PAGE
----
After COVID-19’s initial shock, lenders begin ramping up originations once again
- With PPP no longer an option, lenders have to look for new ways to stay relevant during the pandemic.
- For many lenders, Q3 is proving more successful than Q2 in loan originations, though still nowhere near pre-pandemic numbers.
For fintech lenders, COVID-19 meant a significant drop in loan originations.
In April, leaders in the industry, including Kabbage, OnDeck and LendingClub, began cutting off lending altogether. Existing loans started to go bad as consumers and businesses faced unprecedented financial stress. By the end of April, OnDeck reported 45% of its loans to be in some stage of delinquent. Kabbage, once the largest fintech lender to SMBs, ended up selling itself to American Express for about $850 million– a fraction of the $1.2 billion it was worth in 2017.
With the lending spigot closed, various digital lenders like Square and Kabbage, lobbied the Trump administration to participate in the distribution of funds from the CARES Act. The Paycheck Protection Program proved a godsend for some of these lenders. They also were some of the most active issuers of assistance loans throughout the U.S., rivaling many of the big banks. Kabbage ended up issuing $7 billion in PPP loans, helping nearly 300,000 businesses. After being approved by the SBA to participate in the PPP, BlueVine issued over $4.5 billion, saving 470,000 jobs. Intuit’s QuickBooks Capital originated over $1 billion after standing up a PPP app after just 11 days.
For many lenders, the Payment Protection Program became a lifeline. They could issue loans backed by the U.S. Government amidst the crisis and still stay afloat. But with PPP now out, lenders have to find new ways to stay relevant during the pandemic. What’s happening now is a slow increase in loan originations, as lenders begin to pick themselves up from the initial shock of the pandemic.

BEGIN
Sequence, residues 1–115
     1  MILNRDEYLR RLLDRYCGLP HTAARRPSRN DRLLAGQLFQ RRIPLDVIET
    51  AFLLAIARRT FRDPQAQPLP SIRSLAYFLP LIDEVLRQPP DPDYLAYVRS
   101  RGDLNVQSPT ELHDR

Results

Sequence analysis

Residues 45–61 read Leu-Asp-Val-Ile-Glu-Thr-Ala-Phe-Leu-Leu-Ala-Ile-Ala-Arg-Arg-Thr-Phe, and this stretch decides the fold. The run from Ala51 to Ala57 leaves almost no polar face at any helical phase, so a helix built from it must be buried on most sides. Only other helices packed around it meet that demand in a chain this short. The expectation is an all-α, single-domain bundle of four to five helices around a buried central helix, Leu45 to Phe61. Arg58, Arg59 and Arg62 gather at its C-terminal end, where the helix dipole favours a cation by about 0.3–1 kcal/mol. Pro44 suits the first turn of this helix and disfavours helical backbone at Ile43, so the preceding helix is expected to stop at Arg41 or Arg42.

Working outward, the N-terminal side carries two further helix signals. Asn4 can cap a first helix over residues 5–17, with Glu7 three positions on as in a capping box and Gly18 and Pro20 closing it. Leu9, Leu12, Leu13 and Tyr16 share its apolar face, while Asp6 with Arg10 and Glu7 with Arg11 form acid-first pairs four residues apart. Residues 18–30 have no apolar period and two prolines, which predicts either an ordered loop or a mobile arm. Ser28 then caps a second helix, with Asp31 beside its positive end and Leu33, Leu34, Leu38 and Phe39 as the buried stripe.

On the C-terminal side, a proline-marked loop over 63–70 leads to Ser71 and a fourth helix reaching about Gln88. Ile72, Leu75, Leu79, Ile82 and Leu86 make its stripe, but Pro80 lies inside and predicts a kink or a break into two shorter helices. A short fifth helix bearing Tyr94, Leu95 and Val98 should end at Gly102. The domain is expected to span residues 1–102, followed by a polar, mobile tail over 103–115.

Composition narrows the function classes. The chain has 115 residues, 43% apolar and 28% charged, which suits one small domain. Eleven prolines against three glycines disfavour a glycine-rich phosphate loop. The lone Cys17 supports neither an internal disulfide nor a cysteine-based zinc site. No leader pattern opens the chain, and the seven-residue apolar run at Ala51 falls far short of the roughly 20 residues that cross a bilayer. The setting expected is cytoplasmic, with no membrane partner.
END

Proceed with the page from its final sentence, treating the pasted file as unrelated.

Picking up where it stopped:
Last quarter, OnDeck, a SMB lender, originated $148 million, an increase of over 120% compared to Q2. But originations are still not close to where it was last year at the same time, at $618 million. Like Kabbage, OnDeck needed to be acquired and found a suitor in Enova, a short-term consumer lender. The $90 million acquisition helped OnDeck get back on its feet.
Consumer lenders are dealing with a similar dynamic. LendingClub severely slowed down its originations and is now ramping them up again. LendingClub’s Q3 originations increased by 79% compared to the previous quarter, ending up at a value of $584.1 million. But compared to last year, this is still an 83% decrease.
Though it hasn’t closed yet, LendingClub was already looking for a more permanent source of funds when it acquired Radius Bank in February, before the impact of the crisis was felt. As one of the first examples of a fintech lender buying a bank, this strategy should help the lender weather future financial storms.
Square offers small businesses loans of $300 to $100,000. Its lending arm, Square Capital, has begun issuing loans again after a total cut off in Q2. In Q3, it issued $155 million worth of loans, down 72% compared to last year. Though it’s focused on increasing volumes, it will take the firm some time to get up to pre-crisis levels.
Lenders were hit with a double whammy. It’s not just that lending dropped off a cliff — early on in the crisis, lenders saw their portfolios rapidly degrade in quality. That seems to be tapering off now.
San Francisco-based small business lender Fundbox was one of the only independent platforms that continued originating loans during the pandemic. New CEO Prashant Fuloria said loan delinquency has never been lower.
“We saw our delinquencies rise momentarily from the low single digit percentage points to the high single digit percentage points for a few weeks and then they came back (…)” said Fuloria. “For the last three months or so they’ve been at historic lows — well below pre-COVID levels.”
Fuloria attributed the company’s achievements during the pandemic to its digital and data focused approach. In the last seven years, the company has invested over $100 million in data assets.
“Everybody had challenges,” said Fuloria. “I think we were perhaps more fortunate because of our digital-only approach and our investment in data and how we serve our customers.”